German-born American Hudson River School Painter, 1830-1902
Bierstadt was born in Solingen, Germany. His family moved to New Bedford, Massachusetts, in 1833. He studied painting with the members of the D??sseldorf School in D??sseldorf, Germany from 1853 to 1857. He taught drawing and painting briefly before devoting himself to painting.
Bierstadt began making paintings in New England and upstate New York. In 1859, he traveled westward in the company of a Land Surveyor for the U.S. government, returning with sketches that would result in numerous finished paintings. In 1863 he returned west again, in the company of the author Fitz Hugh Ludlow, whose wife he would later marry. He continued to visit the American West throughout his career.
Though his paintings sold for princely sums, Bierstadt was not held in particularly high esteem by critics of his day. His use of uncommonly large canvases was thought to be an egotistical indulgence, as his paintings would invariably dwarf those of his contemporaries when they were displayed together. The romanticism evident in his choices of subject and in his use of light was felt to be excessive by contemporary critics. His paintings emphasized atmospheric elements like fog, clouds and mist to accentuate and complement the feel of his work. Bierstadt sometimes changed details of the landscape to inspire awe. The colors he used are also not always true. He painted what he believed is the way things should be: water is ultramarine, vegetation is lush and green, etc. The shift from foreground to background was very dramatic and there was almost no middle distance
Nonetheless, his paintings remain popular. He was a prolific artist, having completed over 500 (possibly as many as 4000) paintings during his lifetime, most of which have survived. Many are scattered through museums around the United States. Prints are available commercially for many. Original paintings themselves do occasionally come up for sale, at ever increasing prices. Related Paintings of Albert Bierstadt :. | The Mountain Brook | The_Fishing_Fleet | Mariposa Indian Encampment, Yosemite Valley, California | Guerilla Warfare | Capri |
Related Artists:Colin Campbell Cooper
Campbell Cooper Galleries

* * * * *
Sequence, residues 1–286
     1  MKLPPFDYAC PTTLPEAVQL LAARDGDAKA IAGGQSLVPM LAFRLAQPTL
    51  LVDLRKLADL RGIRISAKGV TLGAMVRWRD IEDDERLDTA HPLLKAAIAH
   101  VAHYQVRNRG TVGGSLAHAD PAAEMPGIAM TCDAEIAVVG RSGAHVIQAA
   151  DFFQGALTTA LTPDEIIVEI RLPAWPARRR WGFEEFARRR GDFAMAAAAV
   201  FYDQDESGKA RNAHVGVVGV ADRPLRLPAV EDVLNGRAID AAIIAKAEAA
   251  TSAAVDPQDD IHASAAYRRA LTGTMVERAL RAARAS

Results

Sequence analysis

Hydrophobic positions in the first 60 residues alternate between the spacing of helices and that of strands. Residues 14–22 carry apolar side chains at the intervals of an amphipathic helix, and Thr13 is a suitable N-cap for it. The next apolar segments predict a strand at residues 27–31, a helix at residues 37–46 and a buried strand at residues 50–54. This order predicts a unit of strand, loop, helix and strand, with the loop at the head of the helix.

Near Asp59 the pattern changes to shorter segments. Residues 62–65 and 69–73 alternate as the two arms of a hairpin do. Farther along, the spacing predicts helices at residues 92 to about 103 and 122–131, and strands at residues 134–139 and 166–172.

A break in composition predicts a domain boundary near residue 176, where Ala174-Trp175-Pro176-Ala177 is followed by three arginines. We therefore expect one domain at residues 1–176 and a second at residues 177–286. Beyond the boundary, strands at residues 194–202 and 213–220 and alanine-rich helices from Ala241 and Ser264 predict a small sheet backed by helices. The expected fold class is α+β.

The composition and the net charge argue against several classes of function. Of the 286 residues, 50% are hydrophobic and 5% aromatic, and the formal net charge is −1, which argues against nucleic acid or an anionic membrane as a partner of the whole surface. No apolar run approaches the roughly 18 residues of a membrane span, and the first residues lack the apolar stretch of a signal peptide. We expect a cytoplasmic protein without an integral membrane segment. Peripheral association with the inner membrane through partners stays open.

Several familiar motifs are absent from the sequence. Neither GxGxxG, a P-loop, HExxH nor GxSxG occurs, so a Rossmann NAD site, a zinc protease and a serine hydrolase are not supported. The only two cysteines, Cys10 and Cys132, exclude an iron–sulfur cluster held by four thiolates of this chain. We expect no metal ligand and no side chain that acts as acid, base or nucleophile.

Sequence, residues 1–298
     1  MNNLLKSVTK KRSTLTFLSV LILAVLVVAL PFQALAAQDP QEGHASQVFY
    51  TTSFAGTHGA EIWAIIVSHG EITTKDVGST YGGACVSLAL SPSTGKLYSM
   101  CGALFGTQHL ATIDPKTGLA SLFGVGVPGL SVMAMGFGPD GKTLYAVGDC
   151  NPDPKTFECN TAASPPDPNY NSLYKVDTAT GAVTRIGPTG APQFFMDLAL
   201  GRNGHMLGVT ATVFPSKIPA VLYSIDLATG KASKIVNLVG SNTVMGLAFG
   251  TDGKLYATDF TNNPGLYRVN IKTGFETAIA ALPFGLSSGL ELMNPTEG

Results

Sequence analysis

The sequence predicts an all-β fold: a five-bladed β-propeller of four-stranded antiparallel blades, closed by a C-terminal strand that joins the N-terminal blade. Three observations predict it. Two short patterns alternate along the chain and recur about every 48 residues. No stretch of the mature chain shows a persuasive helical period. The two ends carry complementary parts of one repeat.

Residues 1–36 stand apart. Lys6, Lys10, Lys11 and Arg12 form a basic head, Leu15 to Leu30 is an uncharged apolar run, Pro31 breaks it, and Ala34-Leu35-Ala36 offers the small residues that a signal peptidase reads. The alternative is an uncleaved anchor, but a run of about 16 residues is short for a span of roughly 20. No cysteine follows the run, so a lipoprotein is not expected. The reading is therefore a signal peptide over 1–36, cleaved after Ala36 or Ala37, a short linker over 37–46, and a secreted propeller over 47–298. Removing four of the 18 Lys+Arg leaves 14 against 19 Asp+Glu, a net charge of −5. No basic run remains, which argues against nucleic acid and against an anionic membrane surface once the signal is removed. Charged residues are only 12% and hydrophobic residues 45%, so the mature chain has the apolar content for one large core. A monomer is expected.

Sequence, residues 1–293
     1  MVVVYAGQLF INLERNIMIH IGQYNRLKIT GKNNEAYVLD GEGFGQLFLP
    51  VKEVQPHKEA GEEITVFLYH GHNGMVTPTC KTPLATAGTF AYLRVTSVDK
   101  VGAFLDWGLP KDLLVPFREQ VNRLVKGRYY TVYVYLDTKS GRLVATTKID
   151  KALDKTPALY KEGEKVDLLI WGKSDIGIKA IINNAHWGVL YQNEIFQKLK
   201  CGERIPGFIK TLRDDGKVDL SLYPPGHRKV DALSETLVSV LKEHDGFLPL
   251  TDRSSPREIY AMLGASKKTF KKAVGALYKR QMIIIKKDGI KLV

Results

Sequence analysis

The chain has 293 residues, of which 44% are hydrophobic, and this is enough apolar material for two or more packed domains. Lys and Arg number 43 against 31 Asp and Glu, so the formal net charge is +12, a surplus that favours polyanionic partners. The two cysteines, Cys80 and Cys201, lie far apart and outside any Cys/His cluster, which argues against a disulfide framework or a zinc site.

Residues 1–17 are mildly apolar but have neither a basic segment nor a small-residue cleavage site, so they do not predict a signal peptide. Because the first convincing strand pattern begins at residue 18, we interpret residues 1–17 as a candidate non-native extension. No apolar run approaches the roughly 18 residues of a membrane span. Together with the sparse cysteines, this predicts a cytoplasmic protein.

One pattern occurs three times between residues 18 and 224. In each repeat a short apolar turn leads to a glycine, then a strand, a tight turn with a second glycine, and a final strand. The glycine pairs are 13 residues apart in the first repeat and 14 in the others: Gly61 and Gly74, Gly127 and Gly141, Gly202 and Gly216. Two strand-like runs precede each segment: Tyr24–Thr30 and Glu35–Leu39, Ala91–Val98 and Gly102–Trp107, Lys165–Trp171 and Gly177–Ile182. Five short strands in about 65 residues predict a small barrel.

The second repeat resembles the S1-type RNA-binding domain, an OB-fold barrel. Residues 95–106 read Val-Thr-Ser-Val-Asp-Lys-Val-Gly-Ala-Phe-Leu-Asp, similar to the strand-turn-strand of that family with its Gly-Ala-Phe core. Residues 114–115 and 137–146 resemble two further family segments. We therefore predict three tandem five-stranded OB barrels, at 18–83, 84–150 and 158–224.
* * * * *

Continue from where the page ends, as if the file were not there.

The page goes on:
Cooper was born in Philadelphia, Pennsylvania to Dr. Colin Campbell Cooper and Emily William Cooper. He studied art at the Pennsylvania Academy of the Fine Arts under Thomas Eakins, and at Acad??mie Julian in Paris.
Back in Philadelphia, he taught watercolor classes at the Drexel Institute of Art, Science and Industry (now Drexel University). In 1897 he married renowned artist Emma Lampert, and the next year they moved to New York City, where he began work on his famous skyscraper paintings.
He travelled extensively, sketching and painting scenes of Europe, Asia, and the United States in watercolors and oils. He and his wife were on the RMS Carpathia and assisted in the rescue of the survivors of the Titanic. Several of his paintings document the rescue.
In 1912, Cooper was elected to a prestigious membership in the National Academy of Design.
Cooper exhibited in San Francisco's Panama-Pacific Exposition of 1915, winning the Gold Medal for oil and the Silver Medal for watercolor. He also participated in the Panama-California Exposition in San Diego.
In 1920 his wife Emma died. He moved to Santa Barbara, California in 1921 and became dean of the School of Painting at the Santa Barbara Community School of Arts. He married his second wife, Marie Frehsee, in 1927.
Cooper died in Santa Barbara in 1937.Jozef Israels
(27 January 1824, Groningen - 12 August 1911, Scheveningen) was a Dutch painter, and "the most respected Dutch artist of the second half of the nineteenth century".Marc Charles Gabriel Gleyre
Charles Gleyre (full name Marc Gabriel Charles Gleyre) (Chevilly, Vaud canton, 2 May 1806 - 5 May 1874), was a Swiss artist. He took over the studio of Paul Delaroche in 1843 and taught a number of younger artists who became prominent, including Claude Monet, Pierre Auguste Renoir, Alfred Sisley and James Abbott McNeill Whistler.
Self portraitHis father and mother died when he was eight or nine years of age; and he was brought up by an uncle in Lyon, France, who sent him to the industrial school of that city.
Going to Paris in his late teens, he spent four years in intense artistic study. The following four years Gleyre spent in meditative inactivity in Italy, where he became acquainted with Horace Vernet and Louis Leopold Robert; and six years more were spent wandering in Greece, Egypt, Nubia and Syria. At Cairo he was attacked with ophthalmia, or inflammation of the eye, and in Lebanon he was struck down by fever. He returned to Lyons in shattered health.
On his recovery he proceeded to Paris, and, establishing a modest studio in the rue de Universite, began carefully to work out the ideas which had been slowly shaping themselves in his mind. Mention is made of two decorative panels Diana leaving the Bath, and a Young Nubian as almost the first fruits of his genius; but these did not attract public attention until much later, and the painting by which he practically opened his artistic career was the Apocalyptic Vision of St John, sent to the Salon of 1840.
This was followed in 1843 by Evening, which at the time received a medal of the second class, and afterwards became widely popular under the title Lost Illusions. It depicts a poet seated on the bank of a river, with his head drooping and a wearied posture, letting his lyre slip from a careless hand, and gazing sadly at a bright company of maidens whose song is slowly dying from his ear as their boat is borne slowly from his sight.